"The Good Wife" has done a lot of good for TV drama, although it rarely receives its due.
The CBS series, which offers its finale at 9 p.m. Sunday, proved that broadcast dramas, still produced the regular way, could remain classy, smart and original. "The Good Wife" delivered 22 strong installments a year. Most cable dramas offer fewer; "Game of Thrones" does 10.
With no dragons or zombies, "The Good Wife" mesmerized with topical writing and superb acting. Within broadcast limits, series creators and spouses Robert and Michelle King delivered a daringly adult show, resisted sentimentality and avoided tricks.
CBS valued the show and announced during the Super Bowl it would end. In leaving after seven seasons, "Wife" won’t stagger off the air. The end for Alicia Florrick (Julianna Margulies) will reportedly echo the opening, when she stood by her disgraced husband, Peter (Chris Noth).
Margulies says the ending will leave fans talking. Alicia deserves her moment for being solid and compelling, like the show around her. The series wasn't a showoff, and Alicia wasn't a diva. Margulies played an appealing, flawed heroine worth rooting for through twisty cases, family crises and political intrigue.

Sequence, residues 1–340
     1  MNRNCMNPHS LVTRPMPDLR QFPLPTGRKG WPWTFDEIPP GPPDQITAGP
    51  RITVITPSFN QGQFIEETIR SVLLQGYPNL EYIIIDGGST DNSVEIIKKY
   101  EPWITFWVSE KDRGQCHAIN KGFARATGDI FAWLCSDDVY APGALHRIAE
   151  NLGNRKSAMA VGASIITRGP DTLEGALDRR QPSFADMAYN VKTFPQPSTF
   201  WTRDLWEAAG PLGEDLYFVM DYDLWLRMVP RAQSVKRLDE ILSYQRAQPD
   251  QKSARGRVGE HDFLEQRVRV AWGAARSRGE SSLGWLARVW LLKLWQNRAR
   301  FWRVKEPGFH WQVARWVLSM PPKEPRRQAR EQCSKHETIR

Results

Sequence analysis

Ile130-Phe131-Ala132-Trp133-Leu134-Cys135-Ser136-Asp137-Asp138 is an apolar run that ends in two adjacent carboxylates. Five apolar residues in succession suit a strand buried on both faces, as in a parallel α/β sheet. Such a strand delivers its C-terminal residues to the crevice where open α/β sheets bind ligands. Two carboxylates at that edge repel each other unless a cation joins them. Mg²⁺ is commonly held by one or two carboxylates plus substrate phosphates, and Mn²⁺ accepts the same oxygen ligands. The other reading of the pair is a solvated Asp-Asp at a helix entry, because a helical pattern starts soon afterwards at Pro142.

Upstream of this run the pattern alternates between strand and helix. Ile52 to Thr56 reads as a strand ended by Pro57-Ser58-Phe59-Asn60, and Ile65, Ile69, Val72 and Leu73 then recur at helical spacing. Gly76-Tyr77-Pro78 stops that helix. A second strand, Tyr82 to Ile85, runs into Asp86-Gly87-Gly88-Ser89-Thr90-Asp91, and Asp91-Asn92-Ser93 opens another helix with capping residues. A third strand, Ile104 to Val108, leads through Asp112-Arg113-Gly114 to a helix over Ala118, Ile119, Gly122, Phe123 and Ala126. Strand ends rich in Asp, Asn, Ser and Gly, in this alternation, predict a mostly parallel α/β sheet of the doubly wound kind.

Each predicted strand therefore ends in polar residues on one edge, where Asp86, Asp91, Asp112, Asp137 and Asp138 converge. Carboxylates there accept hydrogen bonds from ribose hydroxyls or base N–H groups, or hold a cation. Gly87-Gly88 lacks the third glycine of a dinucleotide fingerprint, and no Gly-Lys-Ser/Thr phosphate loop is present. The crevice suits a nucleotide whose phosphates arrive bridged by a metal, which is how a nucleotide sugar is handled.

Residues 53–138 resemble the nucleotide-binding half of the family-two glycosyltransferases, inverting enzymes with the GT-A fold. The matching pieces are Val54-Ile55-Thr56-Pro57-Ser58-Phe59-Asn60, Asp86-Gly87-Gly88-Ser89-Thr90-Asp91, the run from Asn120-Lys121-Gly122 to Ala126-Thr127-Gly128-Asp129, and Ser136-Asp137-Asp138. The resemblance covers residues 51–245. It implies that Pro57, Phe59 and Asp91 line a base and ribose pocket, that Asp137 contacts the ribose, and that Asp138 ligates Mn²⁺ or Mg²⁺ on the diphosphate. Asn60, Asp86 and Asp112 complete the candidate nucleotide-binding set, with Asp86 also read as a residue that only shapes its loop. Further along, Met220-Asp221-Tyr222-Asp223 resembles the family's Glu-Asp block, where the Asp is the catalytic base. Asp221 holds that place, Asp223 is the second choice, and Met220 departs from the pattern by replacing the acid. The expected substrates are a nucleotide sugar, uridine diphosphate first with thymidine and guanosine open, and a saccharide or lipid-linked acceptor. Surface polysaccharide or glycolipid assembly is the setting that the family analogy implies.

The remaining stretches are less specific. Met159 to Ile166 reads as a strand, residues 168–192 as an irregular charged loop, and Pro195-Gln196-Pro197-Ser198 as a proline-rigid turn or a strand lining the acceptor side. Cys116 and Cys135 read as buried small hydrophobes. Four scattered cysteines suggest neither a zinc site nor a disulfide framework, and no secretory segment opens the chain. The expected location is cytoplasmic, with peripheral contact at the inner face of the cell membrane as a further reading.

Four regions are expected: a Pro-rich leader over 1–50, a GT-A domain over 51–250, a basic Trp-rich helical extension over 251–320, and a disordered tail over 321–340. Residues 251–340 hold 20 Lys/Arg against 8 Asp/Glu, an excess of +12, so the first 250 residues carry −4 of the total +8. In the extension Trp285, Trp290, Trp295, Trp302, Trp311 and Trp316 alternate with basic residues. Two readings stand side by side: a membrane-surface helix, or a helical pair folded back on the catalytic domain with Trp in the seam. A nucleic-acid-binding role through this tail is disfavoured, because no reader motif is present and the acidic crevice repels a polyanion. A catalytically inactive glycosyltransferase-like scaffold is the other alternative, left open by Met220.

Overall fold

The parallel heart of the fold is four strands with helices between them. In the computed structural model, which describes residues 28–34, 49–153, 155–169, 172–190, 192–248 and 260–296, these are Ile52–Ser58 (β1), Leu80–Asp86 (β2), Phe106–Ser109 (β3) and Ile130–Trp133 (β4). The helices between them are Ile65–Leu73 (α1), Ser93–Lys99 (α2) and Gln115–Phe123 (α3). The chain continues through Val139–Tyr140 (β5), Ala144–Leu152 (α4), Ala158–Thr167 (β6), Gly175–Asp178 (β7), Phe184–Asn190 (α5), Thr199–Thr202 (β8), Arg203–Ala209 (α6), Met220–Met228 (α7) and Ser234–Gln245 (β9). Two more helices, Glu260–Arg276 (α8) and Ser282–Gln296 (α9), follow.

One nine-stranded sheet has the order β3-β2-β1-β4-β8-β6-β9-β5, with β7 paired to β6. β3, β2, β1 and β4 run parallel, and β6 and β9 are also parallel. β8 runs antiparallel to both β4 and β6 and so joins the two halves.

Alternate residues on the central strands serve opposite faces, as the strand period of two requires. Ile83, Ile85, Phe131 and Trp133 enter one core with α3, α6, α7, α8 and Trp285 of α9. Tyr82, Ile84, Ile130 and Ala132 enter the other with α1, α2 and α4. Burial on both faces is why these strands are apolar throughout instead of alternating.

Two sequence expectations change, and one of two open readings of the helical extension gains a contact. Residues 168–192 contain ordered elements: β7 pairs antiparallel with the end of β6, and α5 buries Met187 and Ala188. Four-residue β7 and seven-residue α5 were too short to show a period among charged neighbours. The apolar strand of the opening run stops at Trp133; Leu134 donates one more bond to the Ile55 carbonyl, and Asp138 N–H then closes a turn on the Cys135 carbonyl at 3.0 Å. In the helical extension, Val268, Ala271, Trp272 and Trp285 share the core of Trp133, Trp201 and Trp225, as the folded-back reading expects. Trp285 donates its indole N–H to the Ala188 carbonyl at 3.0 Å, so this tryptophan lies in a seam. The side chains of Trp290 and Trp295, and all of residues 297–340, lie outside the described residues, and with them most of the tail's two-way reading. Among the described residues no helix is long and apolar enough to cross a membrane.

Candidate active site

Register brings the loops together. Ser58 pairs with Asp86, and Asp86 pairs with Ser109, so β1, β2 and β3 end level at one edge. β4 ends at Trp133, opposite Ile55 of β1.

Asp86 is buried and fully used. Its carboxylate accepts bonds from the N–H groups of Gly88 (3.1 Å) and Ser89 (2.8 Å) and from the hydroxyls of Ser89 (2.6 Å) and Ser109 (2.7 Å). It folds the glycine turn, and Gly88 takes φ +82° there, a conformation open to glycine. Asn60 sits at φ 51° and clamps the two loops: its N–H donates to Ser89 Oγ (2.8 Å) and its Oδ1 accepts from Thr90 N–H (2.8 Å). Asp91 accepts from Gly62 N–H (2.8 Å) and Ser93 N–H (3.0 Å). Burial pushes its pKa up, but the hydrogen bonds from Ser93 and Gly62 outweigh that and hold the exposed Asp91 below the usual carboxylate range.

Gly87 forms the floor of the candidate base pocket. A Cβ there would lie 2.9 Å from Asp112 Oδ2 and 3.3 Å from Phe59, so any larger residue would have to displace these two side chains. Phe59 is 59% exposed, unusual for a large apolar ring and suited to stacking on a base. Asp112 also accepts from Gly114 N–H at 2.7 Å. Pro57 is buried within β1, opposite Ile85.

This show about the high and mighty worked well during uncertain economic times. Alicia was surrounded by successful, scheming characters: Diane Lockhart (Christine Baranski), Cary Agos (Matt Czuchry) and Eli Gold (Alan Cumming).
The actors supplied vulnerability and depth to make these affluent figures relatable. The death of Will Gardner (Josh Charles), a series peak, brought home the vulnerability in searing style.
No current series does better by guest stars. Martha Plimpton and Carrie Preston won Emmys. Michael J. Fox, Nathan Lane, Gary Cole and Dylan Baker were among the dozens who excelled.
A show of its time, "The Good Wife" examined surveillance, technology, politics and gay marriage in thoughtful, witty scripts. The series melded broadcasting's best traditions with cable's adventurous ways. The results were sturdy, stylish, scintillating.
Alicia Florrick was a wonderful rarity in a medium with too many knockoffs. She gets to leave on her own terms, another rarity. We're going to miss her.